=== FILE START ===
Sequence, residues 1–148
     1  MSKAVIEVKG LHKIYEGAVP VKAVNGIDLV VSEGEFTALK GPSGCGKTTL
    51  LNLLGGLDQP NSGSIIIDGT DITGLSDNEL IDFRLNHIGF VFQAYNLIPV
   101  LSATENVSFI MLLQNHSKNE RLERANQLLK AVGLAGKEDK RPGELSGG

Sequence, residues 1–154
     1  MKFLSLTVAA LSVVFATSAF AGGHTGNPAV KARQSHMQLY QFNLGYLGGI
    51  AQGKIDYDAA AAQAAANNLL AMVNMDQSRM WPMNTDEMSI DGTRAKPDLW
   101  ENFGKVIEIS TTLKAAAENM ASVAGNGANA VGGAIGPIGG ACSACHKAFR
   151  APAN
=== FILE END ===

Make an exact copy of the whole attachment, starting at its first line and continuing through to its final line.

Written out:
Sequence, residues 1–148
     1  MSKAVIEVKG LHKIYEGAVP VKAVNGIDLV VSEGEFTALK GPSGCGKTTL
    51  LNLLGGLDQP NSGSIIIDGT DITGLSDNEL IDFRLNHIGF VFQAYNLIPV
   101  LSATENVSFI MLLQNHSKNE RLERANQLLK AVGLAGKEDK RPGELSGG

Sequence, residues 1–154
     1  MKFLSLTVAA LSVVFATSAF AGGHTGNPAV KARQSHMQLY QFNLGYLGGI
    51  AQGKIDYDAA AAQAAANNLL AMVNMDQSRM WPMNTDEMSI DGTRAKPDLW
   101  ENFGKVIEIS TTLKAAAENM ASVAGNGANA VGGAIGPIGG ACSACHKAFR
   151  APAN